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This article is written by Rajshree Mukherjee, pursuing a Certificate Course in Media and Entertainment Law: Contracts, Licensing and Regulations from Here she discusses “Infringement of Copyright in a Design”.


This Assignment will specifically deal as to what constitutes infringement of copyright in design while keeping in mind the provisions as laid down in the Designs Act, 2000. Also, the remedies shall also be discussed in this assignment available as against the person who has infringed the right of the proprietor of the design along with citing different landmark case laws to support and analyze the purpose of this assignment.

Meaning of Infringement, Copyright and Design

In general terms, infringement with respect to intellectual property rights is the breach of any of the Intellectual Property Rights including trademark, patent, copyright, design etc wherein the work of the owner of such intellectual property rights. In other words, Intellectual Property Rights are infringed when a work protected by Intellectual Property laws is used, copied or otherwise exploited without having the proper permission from a person who owns those rights. 

Copyright is said to be infringed when works in form of literary, dramatic, musical or artistic which is original in nature are infringed without the permission of the owner of the work that has been registered under the Copyright Act, 1957.

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Design as per the Designs Act, 2000 has a very restrictive and limited definition which shall only include “features of shape, configuration, pattern, ornament or composition of lines or colours applied to any article whether in two dimensional or three dimensional or in both forms, by any industrial process or means, whether manual, mechanical or chemical, separate or combined, which in the finished article appeal to and are judged solely by the eye”.

Infringement of Copyright in a Design

In order to understand the infringement of copyright in a design, we need to know what constitutes a design to be qualified as statutorily registered design under the Designs Act, 2000 (hereinafter referred to as the “Act”). To that extent, section 4 of the Act lays down the following three criteria which are to be considered while a person or proprietor intends to get their work registered:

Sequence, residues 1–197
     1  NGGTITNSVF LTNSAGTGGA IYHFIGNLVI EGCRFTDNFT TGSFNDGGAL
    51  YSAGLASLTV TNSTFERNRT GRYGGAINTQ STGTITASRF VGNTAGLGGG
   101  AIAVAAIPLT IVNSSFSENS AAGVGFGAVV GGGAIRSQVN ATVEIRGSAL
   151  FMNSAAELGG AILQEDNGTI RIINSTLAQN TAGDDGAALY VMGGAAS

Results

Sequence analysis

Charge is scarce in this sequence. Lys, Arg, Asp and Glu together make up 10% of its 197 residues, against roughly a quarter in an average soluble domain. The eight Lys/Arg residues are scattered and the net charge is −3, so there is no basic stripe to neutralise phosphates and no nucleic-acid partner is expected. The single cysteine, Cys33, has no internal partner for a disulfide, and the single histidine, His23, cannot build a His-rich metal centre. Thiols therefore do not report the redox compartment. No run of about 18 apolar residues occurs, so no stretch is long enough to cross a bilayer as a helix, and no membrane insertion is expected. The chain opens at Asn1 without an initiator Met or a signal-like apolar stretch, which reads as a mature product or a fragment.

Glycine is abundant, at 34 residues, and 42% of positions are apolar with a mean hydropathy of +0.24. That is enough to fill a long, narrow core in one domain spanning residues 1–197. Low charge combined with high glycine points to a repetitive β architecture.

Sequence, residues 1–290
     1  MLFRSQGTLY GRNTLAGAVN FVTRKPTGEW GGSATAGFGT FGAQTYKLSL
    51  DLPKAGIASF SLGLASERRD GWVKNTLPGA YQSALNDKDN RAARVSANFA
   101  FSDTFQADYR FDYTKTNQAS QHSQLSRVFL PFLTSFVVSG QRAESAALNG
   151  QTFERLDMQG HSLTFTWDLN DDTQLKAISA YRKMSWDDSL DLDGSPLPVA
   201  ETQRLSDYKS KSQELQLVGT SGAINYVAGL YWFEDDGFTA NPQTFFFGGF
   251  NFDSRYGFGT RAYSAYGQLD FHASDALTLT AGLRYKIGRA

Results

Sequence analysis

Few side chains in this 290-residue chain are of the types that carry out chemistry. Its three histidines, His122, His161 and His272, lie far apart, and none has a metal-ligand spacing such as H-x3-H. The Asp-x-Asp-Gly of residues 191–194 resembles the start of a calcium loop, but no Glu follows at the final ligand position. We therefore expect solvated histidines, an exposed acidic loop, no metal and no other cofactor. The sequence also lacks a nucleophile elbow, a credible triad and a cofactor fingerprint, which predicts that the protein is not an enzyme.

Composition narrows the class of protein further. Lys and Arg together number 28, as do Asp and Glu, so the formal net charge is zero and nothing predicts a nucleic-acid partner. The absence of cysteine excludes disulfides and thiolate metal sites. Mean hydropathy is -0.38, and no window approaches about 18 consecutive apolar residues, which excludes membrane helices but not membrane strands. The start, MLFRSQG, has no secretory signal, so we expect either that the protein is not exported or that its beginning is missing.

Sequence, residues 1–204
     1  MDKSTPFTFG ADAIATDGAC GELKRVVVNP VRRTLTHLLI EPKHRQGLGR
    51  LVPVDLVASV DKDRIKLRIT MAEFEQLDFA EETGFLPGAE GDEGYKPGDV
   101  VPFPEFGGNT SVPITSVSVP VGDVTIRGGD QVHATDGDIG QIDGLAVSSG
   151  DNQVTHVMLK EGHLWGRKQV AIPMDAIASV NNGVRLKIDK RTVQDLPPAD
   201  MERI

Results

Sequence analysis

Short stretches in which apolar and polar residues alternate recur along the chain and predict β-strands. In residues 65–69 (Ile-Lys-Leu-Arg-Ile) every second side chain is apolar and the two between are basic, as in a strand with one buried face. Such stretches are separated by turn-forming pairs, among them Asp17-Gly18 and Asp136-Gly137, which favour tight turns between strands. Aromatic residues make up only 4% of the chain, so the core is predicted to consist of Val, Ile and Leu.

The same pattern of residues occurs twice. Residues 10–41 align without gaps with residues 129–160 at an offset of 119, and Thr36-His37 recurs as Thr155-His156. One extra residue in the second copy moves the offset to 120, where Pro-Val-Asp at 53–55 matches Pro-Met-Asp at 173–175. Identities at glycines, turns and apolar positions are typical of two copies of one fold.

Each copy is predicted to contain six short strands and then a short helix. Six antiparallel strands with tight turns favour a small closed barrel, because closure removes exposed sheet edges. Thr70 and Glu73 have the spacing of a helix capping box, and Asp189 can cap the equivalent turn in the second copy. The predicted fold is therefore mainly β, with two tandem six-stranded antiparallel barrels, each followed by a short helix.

1. It has to be new or original. For further clarification, the landmark case of Gammeter vs Controller of Patents explained that the design does not necessarily have to be created newly, but can also be used in a unique way on an old design as long as the usage of the new design on an existing product has not been already discovered earlier otherwise.

  2. It is not existing in the public domain or has been published in any tangible form within India or outside India as the case may be. This can be explained by citing the case of Steelbird Hi-tech India Ltd vs SPS Gambhir in which the Court clearly explained that the design needs to be new or original which is a product of the intellectual outcome of a person and has never been in existence before such person has expressed such design in a tangible form.

  3. It is significantly distinguishable from other designs or a combination of designs already existing in the public domain.
  4. Should not have any scandalous or obscene matter present in its content.

A design which is registered as per Chapter II of the Act, section 11 of the Act gives an advantage to the registered user to not only protect their work under the Act itself but also can acquire copyright protection for a period of ten years from the same day the work was registered under the Act. On the registration of a design under the Act the proprietor of the design acquires the following rights:

  1.  The exclusive right to apply the design to any article in any class in which the design is registered;

  2. the exclusive right to publish or expose, or cause to be published or exposed, any article in any class of goods in which the design is registered to which such design is applied; and

  3. the exclusive right to import for the purposes of sale any article belonging to the class in which the design is registered and having applied to it that design.

For explaining further as to what constitutes as an act of “Piracy of Design”, section 22 (1) of the Act lays down the following checks that will help determine whether the Design created or developed is pirated or not:

  1. The design which is proposed to be registered or used otherwise for the purpose of sale should not have “fraudulent or obvious limitation” as to that with a registered design, until and unless written permission has been acquired from the registered owner of the registered design. This was clarified in the case of Veerplast Houseware vs Bonjour International in which the Court considered this particular check to be confirmed from the point of view of the “customer with average knowledge and imperfect recollection”.

  2. “Substantial differences” should be there between the design which is proposed to be registered and the design which has been already registered. This was discussed in a landmark case of Britannia Industries Ltd vs Sara Lee Bakery wherein, the infringement of the design was judged by matching the old design with the newly registered design and in the instance of substantial similarities. It was an important case since the designs of both the parties were to be considered from the perspective of a child which was found out by the Court to having substantial differences as against the contentions which were made by the plaintiff.